Alternative mortgage lenders

by Multi-Prêts Mortgages

What you’ll learn

  • What is an alternative loan?
  • Who is it for?

What is an alternative loan?

Although still marginal, alternative mortgage loans are starting to get Canadian buyers talking. In 2015, they were estimated to make up a little over 2% of the market, whereas they never rose above 1% prior to the 2008 crisis.

Alternative lenders generally serve those that are looking for a mortgage, but don’t meet the new stricter requirements of traditional lenders. 

Who is it for?

As mentioned in the next paragraph, an alternative lender agrees to take on a higher risk of defaulting than a bank would, for a slightly higher interest rate. A mortgage request analysis evaluates the risk that the borrower won’t be able to make his payments. The lender then estimates the borrower’s repayment ability based on the amount, the borrower’s source of income, their credit use (by looking at the entire credit report rather than just the score), the source of the down payment, accumulated assets and property (condition and location).  

An alternative loan is the way to go if the risk is judged too high by a bank. It should be noted, however, that each bank has their own evaluation criteria. It has happened that a borrower is refused by one bank, and accepted by another. This is why you should deal with a broker, who can guide you towards the right lender.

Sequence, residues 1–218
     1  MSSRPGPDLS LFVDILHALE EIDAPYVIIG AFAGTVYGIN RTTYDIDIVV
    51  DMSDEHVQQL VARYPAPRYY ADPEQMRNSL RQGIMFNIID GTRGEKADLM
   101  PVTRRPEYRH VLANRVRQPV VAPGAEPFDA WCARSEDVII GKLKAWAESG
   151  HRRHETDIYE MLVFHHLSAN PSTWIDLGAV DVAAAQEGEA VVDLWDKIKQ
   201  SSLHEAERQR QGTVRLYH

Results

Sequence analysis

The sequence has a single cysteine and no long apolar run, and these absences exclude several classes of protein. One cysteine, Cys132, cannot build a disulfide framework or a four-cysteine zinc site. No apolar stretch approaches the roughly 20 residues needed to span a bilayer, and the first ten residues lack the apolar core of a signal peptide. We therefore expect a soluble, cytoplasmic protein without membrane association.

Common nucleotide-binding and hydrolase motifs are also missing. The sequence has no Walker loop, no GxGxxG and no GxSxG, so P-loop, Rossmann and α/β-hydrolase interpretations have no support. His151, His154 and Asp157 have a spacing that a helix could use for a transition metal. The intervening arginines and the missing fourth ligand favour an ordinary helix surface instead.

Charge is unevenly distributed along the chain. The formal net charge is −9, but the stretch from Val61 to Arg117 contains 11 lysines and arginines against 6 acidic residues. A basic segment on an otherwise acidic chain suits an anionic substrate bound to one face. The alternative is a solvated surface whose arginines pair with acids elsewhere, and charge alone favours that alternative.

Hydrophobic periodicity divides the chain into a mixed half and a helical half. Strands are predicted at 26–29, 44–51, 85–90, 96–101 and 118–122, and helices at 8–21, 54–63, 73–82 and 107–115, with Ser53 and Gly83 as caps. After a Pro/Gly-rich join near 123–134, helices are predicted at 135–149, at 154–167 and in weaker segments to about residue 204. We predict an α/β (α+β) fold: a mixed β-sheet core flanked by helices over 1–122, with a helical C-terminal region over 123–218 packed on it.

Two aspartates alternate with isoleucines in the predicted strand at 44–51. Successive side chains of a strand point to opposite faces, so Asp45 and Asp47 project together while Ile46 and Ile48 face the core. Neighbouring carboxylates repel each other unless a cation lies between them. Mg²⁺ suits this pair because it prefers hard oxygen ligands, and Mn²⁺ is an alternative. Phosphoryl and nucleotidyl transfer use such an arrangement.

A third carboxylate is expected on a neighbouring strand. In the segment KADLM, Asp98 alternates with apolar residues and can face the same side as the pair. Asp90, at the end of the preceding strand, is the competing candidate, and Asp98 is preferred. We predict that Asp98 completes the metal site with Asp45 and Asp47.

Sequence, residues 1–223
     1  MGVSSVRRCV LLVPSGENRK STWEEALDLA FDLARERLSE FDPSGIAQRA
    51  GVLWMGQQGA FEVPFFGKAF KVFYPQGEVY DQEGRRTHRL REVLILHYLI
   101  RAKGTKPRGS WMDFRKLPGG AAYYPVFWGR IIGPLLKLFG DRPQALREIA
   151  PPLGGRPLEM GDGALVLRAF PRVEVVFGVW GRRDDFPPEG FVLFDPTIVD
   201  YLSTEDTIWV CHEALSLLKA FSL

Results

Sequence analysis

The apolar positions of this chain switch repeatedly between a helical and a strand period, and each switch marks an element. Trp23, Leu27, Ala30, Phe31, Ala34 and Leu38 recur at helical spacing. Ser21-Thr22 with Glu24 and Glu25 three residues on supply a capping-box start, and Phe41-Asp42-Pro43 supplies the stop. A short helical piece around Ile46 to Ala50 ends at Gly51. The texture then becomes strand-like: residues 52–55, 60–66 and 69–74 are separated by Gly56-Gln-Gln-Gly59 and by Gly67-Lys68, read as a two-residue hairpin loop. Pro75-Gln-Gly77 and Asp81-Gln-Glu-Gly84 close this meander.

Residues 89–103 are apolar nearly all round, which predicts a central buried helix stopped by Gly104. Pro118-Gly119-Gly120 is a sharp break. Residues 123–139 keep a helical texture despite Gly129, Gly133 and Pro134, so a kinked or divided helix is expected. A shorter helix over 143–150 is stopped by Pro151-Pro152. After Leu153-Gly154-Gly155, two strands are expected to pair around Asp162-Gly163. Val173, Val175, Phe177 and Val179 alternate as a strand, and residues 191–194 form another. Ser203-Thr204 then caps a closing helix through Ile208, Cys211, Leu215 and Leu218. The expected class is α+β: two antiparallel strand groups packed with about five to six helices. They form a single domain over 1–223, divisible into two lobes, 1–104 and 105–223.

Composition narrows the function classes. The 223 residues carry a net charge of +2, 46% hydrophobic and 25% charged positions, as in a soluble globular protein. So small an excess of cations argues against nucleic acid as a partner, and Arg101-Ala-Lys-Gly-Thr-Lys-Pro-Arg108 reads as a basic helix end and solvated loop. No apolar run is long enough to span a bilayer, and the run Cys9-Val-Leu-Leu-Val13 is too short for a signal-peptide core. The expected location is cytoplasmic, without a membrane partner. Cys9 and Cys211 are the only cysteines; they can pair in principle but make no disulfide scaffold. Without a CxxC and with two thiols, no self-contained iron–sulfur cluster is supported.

Obviously, alternative lenders are taking on a greater risk by dealing with clients that have been rejected by banks and credit unions. To make up for this increased risk, their interest rates are higher.

This provides an opportunity for those with bad or nonexistent credit to build up their rating and eventually access financing from regular lenders. Incidentally, read our article to find out more ways to build up your credit rating.

The same applies to those who are going through a period of uncertainty, such as a divorce. If you find yourself in such a situation, read our article, “Your mortgage after a divorce”. 

It is, however, important to be careful when dealing with this type of lender. Although many offer good service, it’s still very important to shop around and find out the terms and conditions. A mortgage broker’s experience and support are all the more useful in these circumstances. 

Key takeaways

  • In 2015, alternative loans were estimated to make up a little over 2% of the market, whereas they never rose above 1% prior to the 2008 crisis.
  • Alternative lenders generally serve those that are looking for a mortgage, but don’t meet the new stricter requirements of traditional lenders.
  • Alternative lenders are taking on a greater risk by dealing with clients that have been rejected by banks and credit unions. To make up for this increased risk, their interest rates are higher. 
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